E-Cigarettes Haven't Helped Cancer Patients To Stop Smoking

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A US study of smokers with cancer found those using e-cigarettes in addition to traditional cigarettes were more dependent on nicotine.

The researchers say the findings, published in the journal cancer, raise doubts about the potential benefits of e-cigarettes for helping cancer patients give up smoking.

Those using e-cigarettes, electronic devices delivering a nicotine-rich vapour, as well as traditional cigarettes were more nicotine dependent and equally or less likely to have quit smoking than non-users.

All cancer patients who smoke are advised to quit. Some do and some don’t.

But the rising use of e-cigarettes has raised many questions among patients and their health care providers including whether e-cigarette use helps or hinders quitting.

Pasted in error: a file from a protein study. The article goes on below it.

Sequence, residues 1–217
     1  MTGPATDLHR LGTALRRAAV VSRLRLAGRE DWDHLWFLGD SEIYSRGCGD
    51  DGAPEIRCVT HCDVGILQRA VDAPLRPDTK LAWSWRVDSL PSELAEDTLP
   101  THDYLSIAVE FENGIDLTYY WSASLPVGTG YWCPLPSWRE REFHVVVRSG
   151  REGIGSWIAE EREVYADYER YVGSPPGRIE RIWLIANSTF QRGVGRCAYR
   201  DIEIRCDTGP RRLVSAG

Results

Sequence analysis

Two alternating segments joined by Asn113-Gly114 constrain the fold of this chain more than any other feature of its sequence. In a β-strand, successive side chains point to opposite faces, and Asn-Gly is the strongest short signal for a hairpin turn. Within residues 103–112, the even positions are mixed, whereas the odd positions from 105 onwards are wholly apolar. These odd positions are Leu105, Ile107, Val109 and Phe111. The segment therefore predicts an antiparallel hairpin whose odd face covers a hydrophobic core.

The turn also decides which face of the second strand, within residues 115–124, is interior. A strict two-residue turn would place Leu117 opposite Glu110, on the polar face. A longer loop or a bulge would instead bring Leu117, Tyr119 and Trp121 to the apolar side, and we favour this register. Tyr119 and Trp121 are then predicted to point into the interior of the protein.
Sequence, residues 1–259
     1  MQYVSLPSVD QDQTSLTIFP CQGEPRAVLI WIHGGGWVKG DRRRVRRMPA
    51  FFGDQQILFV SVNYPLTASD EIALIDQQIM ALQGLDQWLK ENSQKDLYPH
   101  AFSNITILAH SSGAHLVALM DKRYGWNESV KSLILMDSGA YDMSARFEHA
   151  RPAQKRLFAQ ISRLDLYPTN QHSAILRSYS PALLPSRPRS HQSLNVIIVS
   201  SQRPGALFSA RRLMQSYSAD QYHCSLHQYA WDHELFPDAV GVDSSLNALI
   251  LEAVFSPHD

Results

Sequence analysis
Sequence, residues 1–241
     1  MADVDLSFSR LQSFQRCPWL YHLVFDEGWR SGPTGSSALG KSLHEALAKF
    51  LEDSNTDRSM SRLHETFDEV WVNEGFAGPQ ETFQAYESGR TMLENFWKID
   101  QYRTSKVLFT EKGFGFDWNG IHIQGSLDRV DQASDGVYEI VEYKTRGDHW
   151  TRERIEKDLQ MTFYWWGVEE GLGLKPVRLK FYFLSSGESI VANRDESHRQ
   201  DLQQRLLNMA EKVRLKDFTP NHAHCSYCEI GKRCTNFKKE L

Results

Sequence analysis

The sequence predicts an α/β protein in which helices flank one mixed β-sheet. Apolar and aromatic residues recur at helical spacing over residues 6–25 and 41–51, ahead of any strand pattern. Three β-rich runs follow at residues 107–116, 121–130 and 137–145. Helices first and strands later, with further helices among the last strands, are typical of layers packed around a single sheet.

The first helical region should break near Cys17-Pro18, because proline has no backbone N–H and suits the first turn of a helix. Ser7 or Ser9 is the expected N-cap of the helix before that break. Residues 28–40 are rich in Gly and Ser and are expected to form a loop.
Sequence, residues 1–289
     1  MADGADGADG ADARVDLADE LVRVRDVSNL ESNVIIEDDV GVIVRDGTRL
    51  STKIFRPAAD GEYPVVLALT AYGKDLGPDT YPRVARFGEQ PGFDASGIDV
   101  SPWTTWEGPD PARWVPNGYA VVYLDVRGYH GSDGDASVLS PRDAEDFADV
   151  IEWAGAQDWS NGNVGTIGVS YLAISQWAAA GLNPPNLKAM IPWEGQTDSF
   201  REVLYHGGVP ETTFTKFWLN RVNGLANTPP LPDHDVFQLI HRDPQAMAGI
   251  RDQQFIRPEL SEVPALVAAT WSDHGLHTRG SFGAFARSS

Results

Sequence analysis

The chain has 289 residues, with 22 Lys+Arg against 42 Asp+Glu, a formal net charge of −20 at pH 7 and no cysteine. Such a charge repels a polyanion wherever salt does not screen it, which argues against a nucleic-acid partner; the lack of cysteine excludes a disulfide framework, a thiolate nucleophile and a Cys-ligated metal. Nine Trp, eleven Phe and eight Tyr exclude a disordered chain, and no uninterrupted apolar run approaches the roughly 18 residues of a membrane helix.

Dr Jamie Ostroff, of the Memorial Sloan Kettering Cancer Center in New York City, and colleagues studied 1,074 cancer patients who smoked.

The researchers observed a three-fold increase in e-cigarette use from 2012 to 2013.

E-cigarette users were more nicotine dependent than non-users, had more prior quit attempts, and were more likely to be diagnosed with lung or head and neck cancers.

“Consistent with recent observations of increased e-cigarette use in the general population, our findings illustrate that e-cigarette use among tobacco-dependent cancer patients has increased within the past two years,” said Dr Ostroff.

She says research is needed to evaluate the potential harms and benefits of e-cigarettes as a potential cessation approach for cancer patients.

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